It's always been easy for me to fall into the trap of beating myself up over mistakes or perceived failures.
This past week, I could certainly have had a field day on that front: while cleaning out a file folder, I discovered a written order from my family doctor dated *early 2009* for me to have a Fasting Blood Glucose Test.
At that point, I was deep in a depression, and self-care is the first thing that disintegrates when my brain chemistry is messed up. So I didn't get around to doing the test. Eventually it slipped my mind completely.
And then what with one thing and another, I haven't been back to see my family doc since then. I see a couple of specialists, including a GP psychotherapist every 2 weeks, so it's not as if I haven't had medical care. Just not an annual physical (or any other reason to see her).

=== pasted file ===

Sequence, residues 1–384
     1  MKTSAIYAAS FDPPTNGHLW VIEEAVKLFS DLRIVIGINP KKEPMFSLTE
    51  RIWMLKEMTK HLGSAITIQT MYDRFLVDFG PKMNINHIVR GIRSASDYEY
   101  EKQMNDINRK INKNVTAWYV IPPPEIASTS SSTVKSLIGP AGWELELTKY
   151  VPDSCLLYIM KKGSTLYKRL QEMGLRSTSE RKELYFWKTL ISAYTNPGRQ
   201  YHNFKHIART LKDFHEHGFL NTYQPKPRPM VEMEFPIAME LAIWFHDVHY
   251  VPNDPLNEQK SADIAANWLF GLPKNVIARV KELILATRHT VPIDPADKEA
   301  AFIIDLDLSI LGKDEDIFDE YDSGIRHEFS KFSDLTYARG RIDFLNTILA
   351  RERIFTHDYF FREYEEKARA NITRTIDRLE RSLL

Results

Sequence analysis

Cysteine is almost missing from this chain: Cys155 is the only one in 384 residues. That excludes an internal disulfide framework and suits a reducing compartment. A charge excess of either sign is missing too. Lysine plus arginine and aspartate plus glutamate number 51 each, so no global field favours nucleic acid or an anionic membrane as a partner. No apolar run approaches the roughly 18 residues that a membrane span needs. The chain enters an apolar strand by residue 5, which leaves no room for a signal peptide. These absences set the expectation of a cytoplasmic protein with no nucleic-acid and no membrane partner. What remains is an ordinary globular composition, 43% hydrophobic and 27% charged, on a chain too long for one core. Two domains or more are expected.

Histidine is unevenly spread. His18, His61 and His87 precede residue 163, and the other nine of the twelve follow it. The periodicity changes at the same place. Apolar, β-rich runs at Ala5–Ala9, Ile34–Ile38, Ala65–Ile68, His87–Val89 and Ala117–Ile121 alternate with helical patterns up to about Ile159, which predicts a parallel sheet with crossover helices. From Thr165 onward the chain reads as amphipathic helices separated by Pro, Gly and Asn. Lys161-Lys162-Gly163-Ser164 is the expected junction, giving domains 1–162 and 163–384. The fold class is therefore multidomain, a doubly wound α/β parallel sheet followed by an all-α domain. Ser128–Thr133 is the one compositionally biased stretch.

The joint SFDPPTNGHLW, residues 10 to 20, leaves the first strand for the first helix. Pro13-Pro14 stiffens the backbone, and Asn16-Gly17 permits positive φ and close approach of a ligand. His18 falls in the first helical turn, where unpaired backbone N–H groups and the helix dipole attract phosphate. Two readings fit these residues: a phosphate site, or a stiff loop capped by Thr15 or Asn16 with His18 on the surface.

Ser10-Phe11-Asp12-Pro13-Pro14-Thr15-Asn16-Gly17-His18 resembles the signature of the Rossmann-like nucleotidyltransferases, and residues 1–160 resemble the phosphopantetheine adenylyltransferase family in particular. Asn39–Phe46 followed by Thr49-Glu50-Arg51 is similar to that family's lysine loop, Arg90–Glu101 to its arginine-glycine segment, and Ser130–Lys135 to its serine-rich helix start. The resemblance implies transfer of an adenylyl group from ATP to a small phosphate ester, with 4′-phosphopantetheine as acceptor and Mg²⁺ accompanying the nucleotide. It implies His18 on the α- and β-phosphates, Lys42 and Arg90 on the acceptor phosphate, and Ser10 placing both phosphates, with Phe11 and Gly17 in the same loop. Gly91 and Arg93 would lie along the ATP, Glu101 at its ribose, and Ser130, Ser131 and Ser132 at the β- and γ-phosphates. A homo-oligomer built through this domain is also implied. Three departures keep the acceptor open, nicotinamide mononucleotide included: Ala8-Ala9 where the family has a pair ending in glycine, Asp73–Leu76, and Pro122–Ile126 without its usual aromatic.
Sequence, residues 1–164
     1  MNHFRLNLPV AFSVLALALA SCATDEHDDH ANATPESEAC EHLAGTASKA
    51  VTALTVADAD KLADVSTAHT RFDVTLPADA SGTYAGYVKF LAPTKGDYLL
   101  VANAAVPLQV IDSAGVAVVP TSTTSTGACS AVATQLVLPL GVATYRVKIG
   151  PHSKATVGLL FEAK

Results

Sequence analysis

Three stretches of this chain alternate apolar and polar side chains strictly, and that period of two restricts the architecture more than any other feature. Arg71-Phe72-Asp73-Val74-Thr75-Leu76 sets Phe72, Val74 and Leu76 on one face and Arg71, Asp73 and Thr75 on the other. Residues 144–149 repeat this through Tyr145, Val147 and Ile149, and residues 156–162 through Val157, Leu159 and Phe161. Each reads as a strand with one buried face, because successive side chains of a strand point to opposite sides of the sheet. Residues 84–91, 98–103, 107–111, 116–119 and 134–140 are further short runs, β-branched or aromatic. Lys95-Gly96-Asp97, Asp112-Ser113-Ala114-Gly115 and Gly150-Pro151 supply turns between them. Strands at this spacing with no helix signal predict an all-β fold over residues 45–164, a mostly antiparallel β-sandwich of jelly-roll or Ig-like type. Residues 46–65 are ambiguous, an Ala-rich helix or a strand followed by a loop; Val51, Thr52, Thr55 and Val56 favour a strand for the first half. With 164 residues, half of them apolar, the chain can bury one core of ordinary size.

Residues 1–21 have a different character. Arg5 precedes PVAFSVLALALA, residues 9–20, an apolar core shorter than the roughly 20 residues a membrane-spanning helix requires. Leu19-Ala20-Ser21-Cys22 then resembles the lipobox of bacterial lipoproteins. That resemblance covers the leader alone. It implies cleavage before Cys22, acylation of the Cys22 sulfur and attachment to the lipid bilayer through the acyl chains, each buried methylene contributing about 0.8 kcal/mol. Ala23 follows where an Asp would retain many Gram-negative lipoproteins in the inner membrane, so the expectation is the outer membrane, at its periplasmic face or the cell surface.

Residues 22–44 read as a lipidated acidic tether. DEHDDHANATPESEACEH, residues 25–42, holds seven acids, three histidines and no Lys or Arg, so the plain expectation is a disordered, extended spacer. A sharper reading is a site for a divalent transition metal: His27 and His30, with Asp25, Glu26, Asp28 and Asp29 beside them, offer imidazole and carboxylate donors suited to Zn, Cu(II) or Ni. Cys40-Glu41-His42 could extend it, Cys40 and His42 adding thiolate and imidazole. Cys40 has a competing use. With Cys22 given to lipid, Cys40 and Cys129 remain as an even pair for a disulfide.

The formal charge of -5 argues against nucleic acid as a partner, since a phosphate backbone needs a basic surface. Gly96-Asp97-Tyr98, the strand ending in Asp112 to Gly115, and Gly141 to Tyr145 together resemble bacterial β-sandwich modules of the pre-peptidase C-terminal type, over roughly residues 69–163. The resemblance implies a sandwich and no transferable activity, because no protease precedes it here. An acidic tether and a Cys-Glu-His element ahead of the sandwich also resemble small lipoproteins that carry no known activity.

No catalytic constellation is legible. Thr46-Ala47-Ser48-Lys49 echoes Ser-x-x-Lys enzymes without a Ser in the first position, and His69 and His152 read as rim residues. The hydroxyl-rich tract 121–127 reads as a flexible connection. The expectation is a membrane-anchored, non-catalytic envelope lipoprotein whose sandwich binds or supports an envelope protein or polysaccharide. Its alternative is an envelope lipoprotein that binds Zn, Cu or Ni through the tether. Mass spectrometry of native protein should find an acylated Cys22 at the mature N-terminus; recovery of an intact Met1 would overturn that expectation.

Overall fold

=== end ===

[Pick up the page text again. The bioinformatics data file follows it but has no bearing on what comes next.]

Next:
When I looked at that requisition form and realized that if I'd done the test then, I'd probably have been diagnosed (at least with pre-diabetes) 3 years ago--and therefore would have been able to do something about it sooner, which could only have been a Good Thing--my knee-jerk reaction was to be mad at myself.
Then I remembered hearing a profound quote on a TV talk show not long ago: "Forgiveness is giving up all hope of having a better past."
And it occurred to me that I could adapt it thusly: "SELF-forgiveness is giving up all hope of having DONE better in the past." I did what I did. In fact, I did what I could with the energy I had at the time, given the ghastly months-long depression I was in the middle of. I can't go back and undo it.
A far more productive use of my energy is to focus on what I can do differently *now* and in the future, and to set about doing it, one baby step at a time.
Or, in the words of another favourite quote: "Bloom where I'm planted."